With DD 2 I was more comfortable all the way around and would say I was even more "AP" with her, the only difference being nursing longer and homebirthing.
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#15 of 28 Old 02-07-2003, 01:27 AM
 
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Like many AP mommies, I acted on what intiutively felt right to me and later became aware that it was a distinct parenting style. And also like some others of you, I was parented with a lot of love and attention (though I was not bf) as a baby and young child, so I believe I have all of that mama love in me in large part beacuse of my own mom.
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#16 of 28 Old 02-18-2003, 07:07 PM
 
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i voted "i never knew what AP was until after the baby was born", but that's not quite true. i had read about it some online and thought, "co-sleeping sounds way too dangerous : to me" and other silly things. we went out and bought the crib and cradle and whole nine yards, but after dd was born she would have none of it and so with her vocal and strong encouragement and the Baby Book and some supportive sites online i quickly came around. it took about 5 days before she was in our bed fulltime. it just was *not* workable any other way and it was so nice to cuddle with that little warm bundle on my chest....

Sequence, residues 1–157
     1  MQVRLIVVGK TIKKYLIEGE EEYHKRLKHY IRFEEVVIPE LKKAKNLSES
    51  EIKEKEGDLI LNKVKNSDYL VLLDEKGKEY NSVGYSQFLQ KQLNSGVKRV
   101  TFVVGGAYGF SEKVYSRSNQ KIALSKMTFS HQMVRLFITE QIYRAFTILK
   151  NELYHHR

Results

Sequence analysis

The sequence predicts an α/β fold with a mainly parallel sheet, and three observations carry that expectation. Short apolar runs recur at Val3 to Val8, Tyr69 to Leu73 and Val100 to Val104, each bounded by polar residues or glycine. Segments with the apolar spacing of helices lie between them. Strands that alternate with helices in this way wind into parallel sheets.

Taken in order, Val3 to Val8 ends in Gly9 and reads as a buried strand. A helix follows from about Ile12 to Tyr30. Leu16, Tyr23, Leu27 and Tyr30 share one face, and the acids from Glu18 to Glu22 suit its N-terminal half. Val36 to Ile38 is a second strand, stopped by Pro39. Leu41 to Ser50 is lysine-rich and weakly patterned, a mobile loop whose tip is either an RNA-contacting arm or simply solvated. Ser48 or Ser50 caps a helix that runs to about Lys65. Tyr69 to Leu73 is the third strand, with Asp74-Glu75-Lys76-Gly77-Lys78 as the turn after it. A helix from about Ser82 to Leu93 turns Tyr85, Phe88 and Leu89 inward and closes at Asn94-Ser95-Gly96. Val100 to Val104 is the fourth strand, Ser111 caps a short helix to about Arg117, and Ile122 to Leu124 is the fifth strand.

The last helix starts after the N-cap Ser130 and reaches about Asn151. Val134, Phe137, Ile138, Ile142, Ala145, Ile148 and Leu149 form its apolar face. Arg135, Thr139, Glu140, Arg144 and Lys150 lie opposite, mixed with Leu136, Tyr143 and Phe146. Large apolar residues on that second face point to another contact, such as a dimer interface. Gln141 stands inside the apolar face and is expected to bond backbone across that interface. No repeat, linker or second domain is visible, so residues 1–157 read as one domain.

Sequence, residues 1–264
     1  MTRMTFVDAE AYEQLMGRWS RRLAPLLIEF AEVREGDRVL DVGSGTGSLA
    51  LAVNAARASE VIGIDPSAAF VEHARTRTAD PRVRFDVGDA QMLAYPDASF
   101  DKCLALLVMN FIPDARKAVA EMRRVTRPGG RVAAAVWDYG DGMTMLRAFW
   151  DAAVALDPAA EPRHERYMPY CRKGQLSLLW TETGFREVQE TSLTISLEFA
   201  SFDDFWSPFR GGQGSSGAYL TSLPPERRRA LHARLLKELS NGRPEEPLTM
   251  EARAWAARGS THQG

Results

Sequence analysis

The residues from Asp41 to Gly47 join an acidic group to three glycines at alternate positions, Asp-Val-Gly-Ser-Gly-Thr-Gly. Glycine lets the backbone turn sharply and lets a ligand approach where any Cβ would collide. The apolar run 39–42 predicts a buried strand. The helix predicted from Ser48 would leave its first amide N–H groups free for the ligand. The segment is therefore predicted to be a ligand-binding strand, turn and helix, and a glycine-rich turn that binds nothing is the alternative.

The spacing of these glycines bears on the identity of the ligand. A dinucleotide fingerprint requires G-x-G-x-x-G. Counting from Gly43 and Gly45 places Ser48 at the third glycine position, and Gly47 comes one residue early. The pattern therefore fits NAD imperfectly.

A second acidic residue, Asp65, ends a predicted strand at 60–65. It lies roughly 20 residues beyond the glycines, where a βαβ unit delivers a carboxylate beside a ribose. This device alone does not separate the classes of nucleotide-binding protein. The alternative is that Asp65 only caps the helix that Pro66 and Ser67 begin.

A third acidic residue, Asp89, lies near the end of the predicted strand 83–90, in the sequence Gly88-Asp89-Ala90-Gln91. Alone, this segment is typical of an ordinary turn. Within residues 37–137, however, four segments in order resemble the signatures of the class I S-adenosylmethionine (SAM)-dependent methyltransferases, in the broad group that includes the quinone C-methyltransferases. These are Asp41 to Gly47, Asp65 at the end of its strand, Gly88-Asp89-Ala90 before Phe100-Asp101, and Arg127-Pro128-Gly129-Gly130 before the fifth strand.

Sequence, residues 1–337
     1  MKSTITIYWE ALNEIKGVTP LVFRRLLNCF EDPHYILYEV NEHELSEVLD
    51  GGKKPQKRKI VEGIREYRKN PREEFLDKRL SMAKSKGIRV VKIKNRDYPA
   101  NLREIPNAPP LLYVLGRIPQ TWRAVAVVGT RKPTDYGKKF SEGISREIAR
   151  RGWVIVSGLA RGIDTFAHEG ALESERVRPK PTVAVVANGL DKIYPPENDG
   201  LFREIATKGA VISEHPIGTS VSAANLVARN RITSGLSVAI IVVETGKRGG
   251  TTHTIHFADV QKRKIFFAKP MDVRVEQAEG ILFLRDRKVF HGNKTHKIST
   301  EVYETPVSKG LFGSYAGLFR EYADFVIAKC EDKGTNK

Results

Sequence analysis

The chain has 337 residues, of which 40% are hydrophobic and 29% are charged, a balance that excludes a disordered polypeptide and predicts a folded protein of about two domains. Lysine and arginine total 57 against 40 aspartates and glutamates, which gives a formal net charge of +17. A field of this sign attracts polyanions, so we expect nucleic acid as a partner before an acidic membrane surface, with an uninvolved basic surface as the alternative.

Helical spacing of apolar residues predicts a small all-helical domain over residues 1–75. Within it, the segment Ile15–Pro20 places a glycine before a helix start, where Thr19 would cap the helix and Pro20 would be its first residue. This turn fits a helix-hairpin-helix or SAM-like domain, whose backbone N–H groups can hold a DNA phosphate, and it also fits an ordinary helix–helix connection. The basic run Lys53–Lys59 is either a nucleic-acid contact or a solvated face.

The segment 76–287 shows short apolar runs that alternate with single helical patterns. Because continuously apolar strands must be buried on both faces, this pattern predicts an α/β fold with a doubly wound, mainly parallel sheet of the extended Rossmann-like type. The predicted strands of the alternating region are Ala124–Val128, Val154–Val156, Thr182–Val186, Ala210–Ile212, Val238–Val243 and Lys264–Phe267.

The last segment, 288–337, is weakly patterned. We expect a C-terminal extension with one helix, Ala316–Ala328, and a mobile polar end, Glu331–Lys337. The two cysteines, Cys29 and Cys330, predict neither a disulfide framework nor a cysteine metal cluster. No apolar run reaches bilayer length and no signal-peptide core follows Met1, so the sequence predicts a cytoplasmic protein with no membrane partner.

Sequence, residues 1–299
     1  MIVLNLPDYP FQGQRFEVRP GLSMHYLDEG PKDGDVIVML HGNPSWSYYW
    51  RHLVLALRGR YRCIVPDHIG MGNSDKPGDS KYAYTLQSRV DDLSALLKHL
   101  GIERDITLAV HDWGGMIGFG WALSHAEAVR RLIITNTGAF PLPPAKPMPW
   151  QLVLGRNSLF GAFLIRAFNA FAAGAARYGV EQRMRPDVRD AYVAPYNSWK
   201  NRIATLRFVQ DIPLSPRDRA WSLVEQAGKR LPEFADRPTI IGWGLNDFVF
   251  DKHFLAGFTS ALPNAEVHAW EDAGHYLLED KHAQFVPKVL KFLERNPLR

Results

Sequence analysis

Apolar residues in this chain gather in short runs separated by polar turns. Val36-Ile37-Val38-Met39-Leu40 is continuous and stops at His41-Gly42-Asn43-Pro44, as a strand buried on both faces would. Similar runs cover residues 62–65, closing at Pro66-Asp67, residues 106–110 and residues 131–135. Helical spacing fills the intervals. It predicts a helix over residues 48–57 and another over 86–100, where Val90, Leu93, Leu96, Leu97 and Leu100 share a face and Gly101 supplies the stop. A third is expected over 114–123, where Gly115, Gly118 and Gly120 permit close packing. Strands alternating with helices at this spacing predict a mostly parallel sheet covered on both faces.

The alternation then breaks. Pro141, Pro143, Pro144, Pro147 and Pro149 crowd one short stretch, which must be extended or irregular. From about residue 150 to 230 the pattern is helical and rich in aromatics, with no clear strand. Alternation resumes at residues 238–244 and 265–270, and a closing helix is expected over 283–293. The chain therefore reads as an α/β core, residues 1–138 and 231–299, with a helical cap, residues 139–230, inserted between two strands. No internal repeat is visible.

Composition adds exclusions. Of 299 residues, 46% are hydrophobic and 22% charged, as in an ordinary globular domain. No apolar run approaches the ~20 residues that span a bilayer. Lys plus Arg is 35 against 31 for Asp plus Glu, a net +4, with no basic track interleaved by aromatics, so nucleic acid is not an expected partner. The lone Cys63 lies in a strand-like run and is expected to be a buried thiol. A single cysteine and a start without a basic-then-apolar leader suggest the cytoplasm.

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#17 of 28 Old 02-18-2003, 09:21 PM
 
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Well, I always thought in terms of intuitive parenting... and when I started reading during pregnancy I thought The Baby Book was mainstream )
(Doesn't this say great things about the women parenting around me? I assumed most young parents were doings things this way these days)
Anyhow, wasn't til after the baby got here that I figured out A) There's a whole bunch of people who do things much differently B)THEY are actually the majority, can you believe?!? LOL
That's about the time I learned the term "AP"...
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#18 of 28 Old 02-18-2003, 11:11 PM